Many years ago, I spent time at an ashram. In one morning circle time, people shared their personal goals. Of course, we were not talking about landing a great job, buying an electric car, or finding the perfect partner. This was about growth from within. Several mentioned they wanted to be living in the present.
Although I had heard the expression “living in the present” many times, I didn’t really understand it. Unless you’re in dreamland or a zombie state, how can you not be living in the present? In a classroom, when the teacher does roll call, everyone says, “present.” So if you’re physically present, are you not living in the present?
Three years ago I moved to the country. Although I’ve lived in multiple places throughout the Americas, I’ve pretty much always been a big city dweller.
Less Activity = More Presence
I am grateful that I took the leap to leave the urban life and open up The Namaste Getaway. Now, I understand what it means to live in the present. I had no idea that moving to a rural area would deepen that sense of presence.
Timing was also a factor. When I first moved away from the highways and traffic lights and sound pollution, I was working seven days a week. I was driving throughout the county leading yoga classes, workshops, or therapy sessions. The Coronavirus changed all that from one day to the next.
Without a doubt, the pandemic has been horrific. It has been devastating for so many people, industries, institutions, businesses, and entire countries. However, the quarantine and Zoom lifestyle has been a blessing for me. The level of my presence shifted dramatically. The last year and a half have given me more introspection than I ever would have imagined. As a result, my presence barometer is now fine-tuned.
Tune-Out and Tune-In
Whether it’s my movement or non-movement practices, I feel a great sense of centering. I’m grounded. There’s a more powerful connection between my body and soul. Rather than focusing on my dozens of clients, I have time to focus on my body, my breath, and my life.
I notice all my muscles working, or relaxing. I hone in on my breathing and can watch the infinite styles of inhalations and exhalations for half an hour at a stretch. Above all, since self-identify as having ADHD, that’s quite a feat.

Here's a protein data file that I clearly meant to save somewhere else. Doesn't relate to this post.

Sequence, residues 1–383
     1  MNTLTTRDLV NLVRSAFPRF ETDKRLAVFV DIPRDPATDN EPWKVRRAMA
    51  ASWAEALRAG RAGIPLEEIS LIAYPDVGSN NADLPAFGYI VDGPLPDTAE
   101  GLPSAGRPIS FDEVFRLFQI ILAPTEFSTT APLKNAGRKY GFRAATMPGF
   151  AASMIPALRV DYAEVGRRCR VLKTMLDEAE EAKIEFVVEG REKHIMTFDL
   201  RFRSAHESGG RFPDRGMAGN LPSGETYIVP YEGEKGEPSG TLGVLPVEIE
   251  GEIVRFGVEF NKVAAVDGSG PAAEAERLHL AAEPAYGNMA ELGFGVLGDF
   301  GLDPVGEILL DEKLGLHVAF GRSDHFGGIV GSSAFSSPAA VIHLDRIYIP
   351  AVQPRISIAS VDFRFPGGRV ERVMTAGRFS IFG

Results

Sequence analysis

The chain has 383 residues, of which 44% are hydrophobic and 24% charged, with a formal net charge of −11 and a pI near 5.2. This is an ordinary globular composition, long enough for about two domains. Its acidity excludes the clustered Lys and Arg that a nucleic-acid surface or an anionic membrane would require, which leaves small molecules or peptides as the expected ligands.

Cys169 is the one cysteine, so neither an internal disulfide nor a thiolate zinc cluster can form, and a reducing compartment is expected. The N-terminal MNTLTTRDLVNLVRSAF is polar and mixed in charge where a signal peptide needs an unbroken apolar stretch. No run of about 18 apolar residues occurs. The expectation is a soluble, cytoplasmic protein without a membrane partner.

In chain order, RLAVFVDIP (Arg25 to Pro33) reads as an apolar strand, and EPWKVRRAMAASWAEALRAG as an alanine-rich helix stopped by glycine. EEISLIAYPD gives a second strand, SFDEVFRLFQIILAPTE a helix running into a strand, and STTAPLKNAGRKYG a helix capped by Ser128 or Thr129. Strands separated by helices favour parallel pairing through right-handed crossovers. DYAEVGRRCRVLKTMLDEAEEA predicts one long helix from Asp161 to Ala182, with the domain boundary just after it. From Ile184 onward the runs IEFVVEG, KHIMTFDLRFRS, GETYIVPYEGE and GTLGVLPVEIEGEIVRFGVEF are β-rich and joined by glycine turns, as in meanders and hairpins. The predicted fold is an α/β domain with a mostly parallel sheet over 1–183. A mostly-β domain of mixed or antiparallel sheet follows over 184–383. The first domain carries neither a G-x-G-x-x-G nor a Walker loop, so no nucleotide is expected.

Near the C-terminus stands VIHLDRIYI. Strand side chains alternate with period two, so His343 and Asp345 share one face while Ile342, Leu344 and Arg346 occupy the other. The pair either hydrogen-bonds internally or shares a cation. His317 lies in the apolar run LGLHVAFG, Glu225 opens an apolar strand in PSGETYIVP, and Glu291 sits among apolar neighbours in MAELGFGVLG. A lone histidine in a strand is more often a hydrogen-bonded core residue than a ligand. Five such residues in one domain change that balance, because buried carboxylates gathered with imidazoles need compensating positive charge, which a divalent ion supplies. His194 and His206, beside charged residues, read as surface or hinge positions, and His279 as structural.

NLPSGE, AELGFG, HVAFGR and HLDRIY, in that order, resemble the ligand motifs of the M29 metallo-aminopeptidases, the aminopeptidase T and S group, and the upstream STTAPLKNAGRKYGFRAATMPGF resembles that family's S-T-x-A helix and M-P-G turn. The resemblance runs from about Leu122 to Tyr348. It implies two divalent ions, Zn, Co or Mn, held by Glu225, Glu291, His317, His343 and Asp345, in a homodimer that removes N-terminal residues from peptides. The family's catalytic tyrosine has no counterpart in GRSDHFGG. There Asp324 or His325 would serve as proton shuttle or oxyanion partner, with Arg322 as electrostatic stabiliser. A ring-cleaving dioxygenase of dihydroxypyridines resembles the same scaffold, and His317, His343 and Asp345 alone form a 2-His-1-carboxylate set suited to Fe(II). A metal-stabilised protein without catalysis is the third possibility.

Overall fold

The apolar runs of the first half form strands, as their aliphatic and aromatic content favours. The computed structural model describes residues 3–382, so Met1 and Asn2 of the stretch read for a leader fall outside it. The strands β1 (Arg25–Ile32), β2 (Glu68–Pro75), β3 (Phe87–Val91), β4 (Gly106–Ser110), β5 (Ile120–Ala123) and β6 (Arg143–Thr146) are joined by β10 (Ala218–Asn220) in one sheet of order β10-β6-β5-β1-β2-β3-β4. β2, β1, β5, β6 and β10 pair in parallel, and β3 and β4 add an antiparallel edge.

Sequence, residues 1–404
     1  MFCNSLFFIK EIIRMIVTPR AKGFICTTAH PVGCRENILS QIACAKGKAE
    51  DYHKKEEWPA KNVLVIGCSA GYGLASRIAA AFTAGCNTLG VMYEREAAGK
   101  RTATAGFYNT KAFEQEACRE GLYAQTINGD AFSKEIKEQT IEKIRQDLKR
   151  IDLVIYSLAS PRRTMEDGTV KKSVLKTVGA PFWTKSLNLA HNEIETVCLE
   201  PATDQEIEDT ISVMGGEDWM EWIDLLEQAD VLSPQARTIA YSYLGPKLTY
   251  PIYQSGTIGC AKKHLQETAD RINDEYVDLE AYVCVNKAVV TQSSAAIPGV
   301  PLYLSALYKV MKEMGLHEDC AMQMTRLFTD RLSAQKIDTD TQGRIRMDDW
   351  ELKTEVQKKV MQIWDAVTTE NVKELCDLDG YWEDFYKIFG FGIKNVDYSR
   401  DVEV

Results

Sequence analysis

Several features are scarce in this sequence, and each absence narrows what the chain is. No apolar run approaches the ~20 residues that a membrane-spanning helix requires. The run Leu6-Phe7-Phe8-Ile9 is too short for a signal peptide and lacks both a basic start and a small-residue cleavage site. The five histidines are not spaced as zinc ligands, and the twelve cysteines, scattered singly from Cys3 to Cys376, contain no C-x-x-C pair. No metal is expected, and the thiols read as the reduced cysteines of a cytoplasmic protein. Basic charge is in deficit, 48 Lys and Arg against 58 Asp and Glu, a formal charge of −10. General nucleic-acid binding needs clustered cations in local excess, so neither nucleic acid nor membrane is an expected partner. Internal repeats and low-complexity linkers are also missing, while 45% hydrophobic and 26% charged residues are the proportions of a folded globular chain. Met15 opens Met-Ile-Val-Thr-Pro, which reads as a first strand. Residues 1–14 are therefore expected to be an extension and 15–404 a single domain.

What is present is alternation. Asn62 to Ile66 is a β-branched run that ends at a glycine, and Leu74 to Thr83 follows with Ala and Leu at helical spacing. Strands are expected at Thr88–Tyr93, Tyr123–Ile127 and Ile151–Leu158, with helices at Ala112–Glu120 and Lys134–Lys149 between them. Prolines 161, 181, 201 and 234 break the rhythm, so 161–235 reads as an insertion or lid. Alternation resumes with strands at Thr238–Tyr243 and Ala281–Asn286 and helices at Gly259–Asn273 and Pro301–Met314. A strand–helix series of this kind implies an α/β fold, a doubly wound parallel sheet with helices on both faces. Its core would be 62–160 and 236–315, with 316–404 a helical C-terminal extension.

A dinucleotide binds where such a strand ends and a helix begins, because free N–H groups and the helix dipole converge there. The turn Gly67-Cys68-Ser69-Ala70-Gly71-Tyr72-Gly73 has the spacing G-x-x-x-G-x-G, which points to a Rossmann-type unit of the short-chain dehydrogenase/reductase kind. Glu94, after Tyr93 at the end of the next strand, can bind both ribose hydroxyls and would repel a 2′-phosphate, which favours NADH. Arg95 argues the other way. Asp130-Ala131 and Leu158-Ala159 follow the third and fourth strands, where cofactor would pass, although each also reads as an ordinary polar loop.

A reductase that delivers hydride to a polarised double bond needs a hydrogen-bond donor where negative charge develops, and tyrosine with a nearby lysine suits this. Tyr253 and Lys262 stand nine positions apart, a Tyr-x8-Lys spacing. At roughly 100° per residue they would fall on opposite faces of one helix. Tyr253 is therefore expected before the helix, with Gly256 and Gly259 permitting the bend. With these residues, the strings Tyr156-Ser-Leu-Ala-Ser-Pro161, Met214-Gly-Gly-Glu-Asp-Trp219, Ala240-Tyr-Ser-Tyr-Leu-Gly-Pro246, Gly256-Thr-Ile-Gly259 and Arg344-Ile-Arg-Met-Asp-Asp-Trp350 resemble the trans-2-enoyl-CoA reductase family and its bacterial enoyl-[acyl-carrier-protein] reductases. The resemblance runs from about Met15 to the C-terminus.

In the early morning, I sit on my back porch and appreciate every sprawling tree branch and grazing deer in my view. If there’s been rain, I can hear the rushing water in the stream behind my house. Not quite like an ocean wave, but almost. Late at night, even if all my windows are closed, I connect with my non-human friends outside. I hear their every tweet, chirp, or croak. Consequently, my sound machine stays in the “off” mode, as the true sounds of nature are “on.” Always.
Living in the Present Close to Nature
On my long walks, I rarely hear the sound of an engine or motor. Just the symphony conducted by Mother Nature. The only traffic is the flowers, cacti, and winged creatures that line my route. Above, ahead, and to the sides. It’s like I’m part of a 3-D virtual game. In short, all my senses are heightened. As is my gratitude.
If you want to boost your presence, book a stay at The Namaste Getaway, with optional retreat packages including sound therapy, yoga, meditation, First Love Yourself sessions, or any of my other therapeutic offerings. All images are taken on-site at my Airbnb mini-retreat center in Wimberley, Texas, just an hour from either San Antonio or Austin.